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Optics Express

Optics Express

  • Editor: C. Martijn de Sterke
  • Vol. 19, Iss. 24 — Nov. 21, 2011
  • pp: 23770–23781
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Photoinjector drive laser of the FLASH FEL

Ingo Will, Horst I. Templin, Siegfried Schreiber, and Wolfgang Sandner  »View Author Affiliations


Optics Express, Vol. 19, Issue 24, pp. 23770-23781 (2011)
http://dx.doi.org/10.1364/OE.19.023770


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Abstract

The upgraded photoinjector drive laser of the free-electron laser facility FLASH at DESY Hamburg is described in this paper. This laser produces trains of 800 and 2400 ultraviolet picosecond pulses at 1 MHz and 3 MHz repetition rate in the trains, respectively. The amplifying elements of the system are Nd:YLF-rods, which are pumped by fiber-coupled semiconductor diodes. Compared to the flashlamp-pumped photocathode laser previously used at FLASH, the new diode-pumped laser features a better reliability and a significantly improved stability of its pulse parameters.

© 2011 OSA

1. Introduction

Photo injectors became a proven tool for generation of high-density, high brightness electron bunches in the past two decades. Today they are often exploited as the initial electron source for short-wavelength free electron lasers (FELs) [1

1. W. Ackermann, G. Asova, V. Ayvazyan, A. Azima, N. Baboi, J. Bähr, V. Balandin, B. Beutner, A. Brandt, A. Bolzmann, R. Brinkmann, O. I. Brovko, M. Castellano, P. Castro, L. Catani, E. Chiadroni, S. Choroba, A. Cianchi, J. T. Costello, D. Cubaynes, J. Dardis, W. Decking, H. Delsim-Hashemi, A. Delserieys, G. Di Pirro, M. Dohlus, S. Düsterer, A. Eckhardt, H. T. Edwards, B. Faatz, J. Feldhaus, K. Flöttmann, J. Frisch, L. Fröhlich, T. Garvey, U. Gensch, C. Gerth, M. Görler, N. Golubeva, H.-J. Grabosch, M. Grecki, O. Grimm, K. Hacker, U. Hahn, J. H. Han, K. Honkavaara, T. Hott, M. Hüning, Y. Ivanisenko, E. Jaeschke, W. Jalmuzna, T. Jezynski, R. Kammering, V. Katalev, K. Kavanagh, E. T. Kennedy, S. Khodyachykh, K. Klose, V. Kocharyan, M. Körfer, M. Kollewe, W. Koprek, S. Korepanov, D. Kostin, M. Krassilnikov, G. Kube, M. Kuhlmann, C. L. S. Lewis, L. Lilje, T. Limberg, D. Lipka, F. Löhl, H. Luna, M. Luong, M. Martins, M. Meyer, P. Michelato, V. Miltchev, W. D. Möller, L. Monaco, W. F. O. Müller, O. Napieralski, O. Napoly, P. Nicolosi, D. Nölle, T. Nuñez, A. Oppelt, C. Pagani, R. Paparella, N. Pchalek, J. Pedregosa-Gutierrez, B. Petersen, B. Petrosyan, G. Petrosyan, L. Petrosyan, J. Pflüger, E. Plönjes, L. Poletto, K. Pozniak, E. Prat, D. Proch, P. Pucyk, P. Radcliffe, H. Redlin, K. Rehlich, M. Richter, M. Roehrs, J. Roensch, R. Romaniuk, M. Ross, J. Rossbach, V. Rybnikov, M. Sachwitz, E. L. Saldin, W. Sandner, H. Schlarb, B. Schmidt, M. Schmitz, P. Schmüser, J. R. Schneider, E. A. Schneidmiller, S. Schnepp, S. Schreiber, M. Seidel, D. Sertore, A. V. Shabunov, C. Simon, S. Simrock, E. Sombrowski, A. A. Sorokin, P. Spanknebel, R. Spesyvtsev, L. Staykov, B. Steffen, F. Stephan, F. Stulle, H. Thom, K. Tiedtke, M. Tischer, S. Toleikis, R. Treusch, D. Trines, I. Tsakov, E. Vogel, T. Weiland, H. Weise, M. Wellhöfer, M. Wendt, I. Will, A. Winter, K. Wittenburg, W. Wurth, P. Yeates, M. V. Yurkov, I. Zagorodnov, and K. Zapfe, “Operation of a free-electron laser from the extreme ultraviolet to the water window,” Nat. Photonics 1(6), 336–342 (2007). [CrossRef]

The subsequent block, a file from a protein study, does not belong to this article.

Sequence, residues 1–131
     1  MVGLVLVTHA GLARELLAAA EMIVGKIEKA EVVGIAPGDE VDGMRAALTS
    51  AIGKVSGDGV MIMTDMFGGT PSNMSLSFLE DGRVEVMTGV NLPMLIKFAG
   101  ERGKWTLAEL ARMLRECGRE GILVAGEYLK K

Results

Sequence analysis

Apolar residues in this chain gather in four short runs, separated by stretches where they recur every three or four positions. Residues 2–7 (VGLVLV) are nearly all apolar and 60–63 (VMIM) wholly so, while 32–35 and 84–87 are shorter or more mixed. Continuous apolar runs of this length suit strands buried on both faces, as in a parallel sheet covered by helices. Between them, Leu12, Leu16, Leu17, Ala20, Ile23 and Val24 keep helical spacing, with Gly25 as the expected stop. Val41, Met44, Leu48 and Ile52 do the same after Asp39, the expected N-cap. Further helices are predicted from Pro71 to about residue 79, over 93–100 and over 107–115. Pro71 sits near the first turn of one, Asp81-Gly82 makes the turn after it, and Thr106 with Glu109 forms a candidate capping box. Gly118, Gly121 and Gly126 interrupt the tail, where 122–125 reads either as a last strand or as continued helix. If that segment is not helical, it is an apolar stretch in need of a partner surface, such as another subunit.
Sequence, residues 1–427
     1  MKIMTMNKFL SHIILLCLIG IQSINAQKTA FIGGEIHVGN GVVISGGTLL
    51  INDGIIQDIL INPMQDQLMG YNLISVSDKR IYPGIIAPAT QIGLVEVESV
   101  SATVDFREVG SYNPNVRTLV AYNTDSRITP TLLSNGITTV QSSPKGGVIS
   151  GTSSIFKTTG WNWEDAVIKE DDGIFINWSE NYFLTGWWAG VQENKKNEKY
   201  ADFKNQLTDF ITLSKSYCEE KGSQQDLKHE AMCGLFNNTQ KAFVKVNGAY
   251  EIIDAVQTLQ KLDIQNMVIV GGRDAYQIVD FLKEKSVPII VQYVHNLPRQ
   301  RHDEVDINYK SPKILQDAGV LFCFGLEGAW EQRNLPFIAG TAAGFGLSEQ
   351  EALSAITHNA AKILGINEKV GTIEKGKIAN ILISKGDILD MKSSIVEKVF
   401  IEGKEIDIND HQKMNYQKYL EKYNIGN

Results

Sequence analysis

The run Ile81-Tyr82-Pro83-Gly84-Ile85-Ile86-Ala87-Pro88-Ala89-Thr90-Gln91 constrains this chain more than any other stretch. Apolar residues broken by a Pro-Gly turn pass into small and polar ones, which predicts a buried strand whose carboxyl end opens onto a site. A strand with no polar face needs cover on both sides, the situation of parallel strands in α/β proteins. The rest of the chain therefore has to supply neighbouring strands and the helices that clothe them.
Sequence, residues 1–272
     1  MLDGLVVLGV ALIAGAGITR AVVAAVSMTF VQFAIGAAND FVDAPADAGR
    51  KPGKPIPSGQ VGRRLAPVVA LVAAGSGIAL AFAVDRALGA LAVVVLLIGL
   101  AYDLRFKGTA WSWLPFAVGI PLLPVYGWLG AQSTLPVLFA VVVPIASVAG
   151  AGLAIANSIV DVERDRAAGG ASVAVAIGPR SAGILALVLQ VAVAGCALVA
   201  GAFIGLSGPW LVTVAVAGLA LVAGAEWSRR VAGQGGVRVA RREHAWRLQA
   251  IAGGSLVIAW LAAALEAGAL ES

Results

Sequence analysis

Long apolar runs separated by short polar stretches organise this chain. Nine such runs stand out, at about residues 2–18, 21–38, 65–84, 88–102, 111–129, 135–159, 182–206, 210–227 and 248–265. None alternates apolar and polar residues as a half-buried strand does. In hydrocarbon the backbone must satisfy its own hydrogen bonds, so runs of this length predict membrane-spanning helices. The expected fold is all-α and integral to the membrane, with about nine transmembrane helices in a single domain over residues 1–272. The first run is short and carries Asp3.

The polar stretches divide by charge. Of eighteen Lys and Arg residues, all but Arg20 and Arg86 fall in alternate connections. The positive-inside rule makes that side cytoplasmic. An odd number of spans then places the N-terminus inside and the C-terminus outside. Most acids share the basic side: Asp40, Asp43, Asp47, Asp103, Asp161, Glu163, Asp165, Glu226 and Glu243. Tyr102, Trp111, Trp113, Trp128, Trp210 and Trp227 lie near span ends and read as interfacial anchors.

5

5. S. Rimjaem, G. Asova, J. W. Bähr, C. Boulware, K. Boyanov, K. Flöttmann, H. J. Grabosch, L. Hakobyan, M. Hänel, Y. Ivanisenko, S. Khodyachykh, S. Korepanov, M. Krasilnikov, S. Lederer, A. Oppelt, B. Petrosyan, D. Richter, S. Riemann, J. Rönsch, K. Rosbach, A. Shapovalov, L. Staykov, and F. Stephan, “Status and perspectives of the PITZ facility upgrade,” in Proceedings of FEL 2007, Novosibirsk, Russia(2007), pp. 354–357.

]. Photo injectors are also used as electron sources in accelerators for radiation chemistry [6

6. Y. Muroya, M. Lin, T. Watanabe, G. Wu, T. Kobayashi, K. Yoshii, T. Ueda, M. Uesaka, and Y. Katsumura, “Ultra-fast pulse radiolysis system combined with a laser photocathode RF gun and a femtosecond laser,” Nucl. Instr. Meth. Res. Sect. A: Accel. Spectrom. Detect. Assoc. Equip. 489(1-3), 554–562 (2002). [CrossRef]

]. They also provide electron beams for pulsed radiolysis experiments [7

7. J. Belloni, H. Monard, F. Gobert, J.-P. Larbre, A. Demarque, V. D. Waele, I. Lampre, J.-L. Marignier, M. Mostafavi, J. C. Bourdon, M. Bernard, H. Borie, T. Garvey, B. Jacquemard, B. Leblond, P. Lepercq, M. Omeich, M. Roch, J. Rodier, and R. Roux, “ELYSE—A picosecond electron accelerator for pulse radiolysis research,” Nucl. Instr. Meth. Res. Sect. A: Accel. Spectrom. Detect. Assoc. Equip. 539(3), 527–539 (2005). [CrossRef]

], for plasma beat wave experiments [8

8. J. Rosenzweig, S. Anderson, K. Bishofberger, X. Ding, A. Murokh, C. Pellegrini, H. Suk, A. Tremaine, C. Clayton, C. Joshi, K. Marsh, and P. Muggli, “The Neptune photoinjector,” Nucl. Instr. Meth. Res. Sect. A: Accel. Spectrom. Detect. Assoc. Equip. 410(3), 437–451 (1998). [CrossRef]

], or for fundamental accelerator research [9

9. P. Musumeci, J. T. Moody, R. J. England, J. B. Rosenzweig, and T. Tran, “Experimental generation and characterization of uniformly filled ellipsoidal electron-beam distributions,” Phys. Rev. Lett. 100(24), 244801 (2008). [CrossRef] [PubMed]

].